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9 Jan 2003 : Column 312W—continued

Foreign Prisoners (Deportation)

Mr. Cox: To ask the Secretary of State for the Home Department how many foreign nationals serving prison sentences in prisons in England and Wales are to be deported on the completion of their prison sentence. [88838]

Beverley Hughes: As of 23 December 2002 there were 3,930 prisoners serving sentence who are known to be liable to be deported on completion of their custodial sentence. Each case is reviewed on its merits not sooner than 12 months before the prisoner might expect to be released having served the required period in custody.

Mr. Cox: To ask the Secretary of State for the Home Department what the longest time was that a foreign national (a) man and (b) woman who had served a prison sentence waited on completion of that sentence to be deported from the UK in each of the last three years. [88839]

Beverley Hughes: I regret that the information requested is not available and could only be provided at disproportionate cost.

Mr. Cox: To ask the Secretary of State for the Home Department how many foreign nationals held in prisons in England and Wales are awaiting deportation and have completed their prison sentence. [88841]

Beverley Hughes: As of 23 December 2002 there are 94 prisoners detained beyond completion of their criminal sentences awaiting deportation.

Ministerial Engagements

Mr. Andrew Turner: To ask the Secretary of State for the Home Department how many engagements were undertaken outside London (a) by him or his predecessor and (b) by Ministers in his Department in January (i) 2000, (ii) 2001 and (iii) 2002. [87353]

Mr. Blunkett [holding answer 16 December 2002]: I refer the hon. Member to the answer provided by my hon. Friend the Minister of State, Cabinet Office on 16 December 2002, Official Report, column 608W.

Missing Persons

Mr. Paul Marsden: To ask the Secretary of State for the Home Department what plans he has to introduce a national database of missing persons. [88186]

Mr. Denham: There are already arrangements nationally to record missing persons. Details of all missing persons should be recorded on the Police National Computer (PNC) as soon as possible and in any case within 48 hours of their disappearance.

Notification of all outstanding missing persons should be sent to the Police National Missing Persons Bureau (PNMPB) within 14 days. Most missing persons are found locally within this period. Forces will not, however, be precluded from forwarding information to the PNMPB in a shorter time if a particular case appears to warrant more urgent attention.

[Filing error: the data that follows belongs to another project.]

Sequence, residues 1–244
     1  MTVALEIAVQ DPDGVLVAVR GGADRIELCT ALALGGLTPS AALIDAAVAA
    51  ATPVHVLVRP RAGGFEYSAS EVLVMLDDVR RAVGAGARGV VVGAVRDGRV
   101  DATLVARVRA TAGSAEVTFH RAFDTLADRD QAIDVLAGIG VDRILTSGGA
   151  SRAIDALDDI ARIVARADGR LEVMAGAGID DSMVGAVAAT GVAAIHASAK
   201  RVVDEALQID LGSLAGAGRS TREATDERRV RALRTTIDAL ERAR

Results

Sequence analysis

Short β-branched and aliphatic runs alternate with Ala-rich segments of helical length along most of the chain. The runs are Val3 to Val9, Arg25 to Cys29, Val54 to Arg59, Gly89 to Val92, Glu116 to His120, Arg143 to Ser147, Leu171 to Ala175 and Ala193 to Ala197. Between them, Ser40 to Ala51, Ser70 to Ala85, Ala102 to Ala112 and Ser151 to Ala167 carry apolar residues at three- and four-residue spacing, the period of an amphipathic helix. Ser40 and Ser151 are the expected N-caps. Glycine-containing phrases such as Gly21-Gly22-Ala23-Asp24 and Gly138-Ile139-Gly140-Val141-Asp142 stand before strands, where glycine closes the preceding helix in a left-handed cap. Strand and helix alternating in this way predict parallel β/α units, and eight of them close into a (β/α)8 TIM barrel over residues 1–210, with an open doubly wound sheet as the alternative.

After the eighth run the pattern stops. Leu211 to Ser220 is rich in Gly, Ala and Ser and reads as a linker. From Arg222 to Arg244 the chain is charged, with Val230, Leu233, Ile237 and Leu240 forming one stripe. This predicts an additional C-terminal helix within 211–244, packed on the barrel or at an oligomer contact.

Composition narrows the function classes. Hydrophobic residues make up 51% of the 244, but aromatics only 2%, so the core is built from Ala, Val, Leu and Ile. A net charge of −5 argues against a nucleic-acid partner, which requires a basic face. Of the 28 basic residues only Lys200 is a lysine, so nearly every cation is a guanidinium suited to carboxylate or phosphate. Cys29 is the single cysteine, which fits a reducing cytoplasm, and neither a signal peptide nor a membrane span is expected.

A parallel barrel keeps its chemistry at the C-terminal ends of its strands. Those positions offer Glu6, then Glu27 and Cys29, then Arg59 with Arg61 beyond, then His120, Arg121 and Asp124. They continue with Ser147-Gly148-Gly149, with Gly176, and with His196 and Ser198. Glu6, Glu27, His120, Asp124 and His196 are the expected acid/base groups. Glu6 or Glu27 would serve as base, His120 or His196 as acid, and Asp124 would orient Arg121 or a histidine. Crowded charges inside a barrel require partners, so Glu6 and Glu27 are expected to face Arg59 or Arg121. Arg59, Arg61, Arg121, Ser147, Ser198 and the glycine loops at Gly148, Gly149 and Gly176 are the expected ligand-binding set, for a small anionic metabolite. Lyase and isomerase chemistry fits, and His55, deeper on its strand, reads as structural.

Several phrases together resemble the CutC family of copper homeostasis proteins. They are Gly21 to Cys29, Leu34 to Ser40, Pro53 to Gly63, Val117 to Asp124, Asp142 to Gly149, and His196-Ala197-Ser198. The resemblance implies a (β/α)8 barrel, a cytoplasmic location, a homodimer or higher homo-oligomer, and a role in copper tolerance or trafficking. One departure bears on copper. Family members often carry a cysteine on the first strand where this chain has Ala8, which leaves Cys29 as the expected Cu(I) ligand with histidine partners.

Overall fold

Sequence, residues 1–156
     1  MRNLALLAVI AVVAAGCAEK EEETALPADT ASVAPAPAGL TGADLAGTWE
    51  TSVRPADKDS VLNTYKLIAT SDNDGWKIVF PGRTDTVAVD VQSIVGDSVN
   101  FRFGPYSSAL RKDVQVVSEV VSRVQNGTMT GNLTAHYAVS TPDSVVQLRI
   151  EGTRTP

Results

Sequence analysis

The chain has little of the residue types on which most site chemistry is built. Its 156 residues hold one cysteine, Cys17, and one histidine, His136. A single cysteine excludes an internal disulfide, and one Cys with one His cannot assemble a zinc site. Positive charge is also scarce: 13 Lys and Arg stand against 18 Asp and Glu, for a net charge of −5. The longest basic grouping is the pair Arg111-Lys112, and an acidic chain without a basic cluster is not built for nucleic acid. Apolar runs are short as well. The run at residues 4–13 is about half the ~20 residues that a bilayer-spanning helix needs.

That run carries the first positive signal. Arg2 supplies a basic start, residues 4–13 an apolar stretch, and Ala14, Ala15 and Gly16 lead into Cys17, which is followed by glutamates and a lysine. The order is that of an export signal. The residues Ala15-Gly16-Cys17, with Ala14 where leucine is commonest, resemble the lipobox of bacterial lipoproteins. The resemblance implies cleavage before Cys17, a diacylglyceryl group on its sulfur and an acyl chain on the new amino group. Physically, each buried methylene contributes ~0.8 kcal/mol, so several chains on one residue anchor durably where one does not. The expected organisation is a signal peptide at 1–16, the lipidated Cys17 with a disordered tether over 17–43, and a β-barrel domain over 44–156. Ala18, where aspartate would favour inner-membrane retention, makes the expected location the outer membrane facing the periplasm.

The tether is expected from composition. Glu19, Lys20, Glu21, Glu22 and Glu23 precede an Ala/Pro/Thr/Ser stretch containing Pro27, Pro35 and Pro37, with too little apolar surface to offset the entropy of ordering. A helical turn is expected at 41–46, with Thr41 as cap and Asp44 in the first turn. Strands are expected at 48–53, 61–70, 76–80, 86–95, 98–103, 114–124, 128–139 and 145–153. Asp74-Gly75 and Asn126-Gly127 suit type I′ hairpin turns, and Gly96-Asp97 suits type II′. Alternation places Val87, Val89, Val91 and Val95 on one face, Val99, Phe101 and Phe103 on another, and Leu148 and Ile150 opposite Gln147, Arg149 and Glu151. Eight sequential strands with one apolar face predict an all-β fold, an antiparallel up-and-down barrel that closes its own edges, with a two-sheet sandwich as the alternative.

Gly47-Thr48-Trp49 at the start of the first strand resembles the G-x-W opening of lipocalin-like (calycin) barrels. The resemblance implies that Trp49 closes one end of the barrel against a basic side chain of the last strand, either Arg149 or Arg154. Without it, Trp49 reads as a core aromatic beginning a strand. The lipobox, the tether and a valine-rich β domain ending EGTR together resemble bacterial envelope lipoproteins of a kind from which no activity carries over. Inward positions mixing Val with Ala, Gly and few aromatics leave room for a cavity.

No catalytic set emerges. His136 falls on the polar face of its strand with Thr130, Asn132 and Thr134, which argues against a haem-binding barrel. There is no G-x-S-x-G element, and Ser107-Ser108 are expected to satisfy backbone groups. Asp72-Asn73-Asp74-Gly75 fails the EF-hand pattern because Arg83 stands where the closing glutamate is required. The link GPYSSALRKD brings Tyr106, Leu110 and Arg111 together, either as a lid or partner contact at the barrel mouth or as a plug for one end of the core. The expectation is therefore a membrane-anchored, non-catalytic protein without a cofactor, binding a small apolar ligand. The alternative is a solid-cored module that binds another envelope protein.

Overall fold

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The National Missing Persons Helpline (NMPH) also maintain a database for all missing persons reported to them and these files are not closed until there is a definite resolution to each case.

The Home Office is currently working with key stakeholders within the area of missing persons, which includes the police and the NMPH, to increase co-operation and information sharing between Government Departments, and statutory and non-statutory agencies. #810,000 has been made available from the Invest to Save Budget (ISB), to put in place a new system for handling missing person cases. The aim of the project is the establishment of joint working arrangements between the United Kingdom police service and NMPH, together with improved recording and information sharing, to improve the service to missing persons and their families and to inform our understanding of the problem and develop strategies to address it. One of the key objectives of this project is to establish a unified national database of missing and unidentified people reported either to the police or to the NMPH.

Mr. Paul Marsden: To ask the Secretary of State for the Home Department what plans he has for a common risk assessment between police services for missing persons. [88191]

Mr. Denham: The Association of Chief Police Officers' (ACPO) 'Manual of Guidance for the Management of Missing Persons' promotes the use of a three-tier risk assessment procedure consisting of 'low', 'medium', and 'high' risk categories with an additional list of factors that need to be considered when assessing this risk.

Nationality Applications

Keith Vaz: To ask the Secretary of State for the Home Department what the backlog is of applications for nationality. [88567]

Beverley Hughes: I refer my hon. Friend to the reply I gave on 10 December 2002, Official Report, column 237W, which stated that information on the number of cases outstanding was not available.

This is because information on the number of applications for nationality outstanding is not routinely published.

Overseas British Citizens

Mr. Reed: To ask the Secretary of State for the Home Department what progress he has made to end the status of Overseas British Citizen and to provide those affected with full British citizenship; what representations he has received about amending the status of Overseas British Citizens; and if he will make a statement. [88625]

Beverley Hughes: We have no plans to end the status of British Overseas Citizen. We received representations during the passage of the Nationality, Immigration and Asylum Bill about the plight of British nationals who had no right of abode in the United Kingdom or elsewhere. As a result we amended the Bill to confer an entitlement to British citizenship, and with it the right of abode in the United Kingdom, on British Overseas citizens, British subjects and British protected persons

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who have no other nationality and have not, since 4 July 2002, given up another nationality. The relevant section (s.12) will be commenced by order as soon as the administrative arrangements for receiving and considering applications are in place.

The remaining provisions in the British Nationality Act 1981 relating to the statuses of British Overseas Citizen, British subject and British protected person will continue in force to cater for those who are unable or unwilling to acquire British citizenship, and to facilitate the voluntary renunciation of those statuses.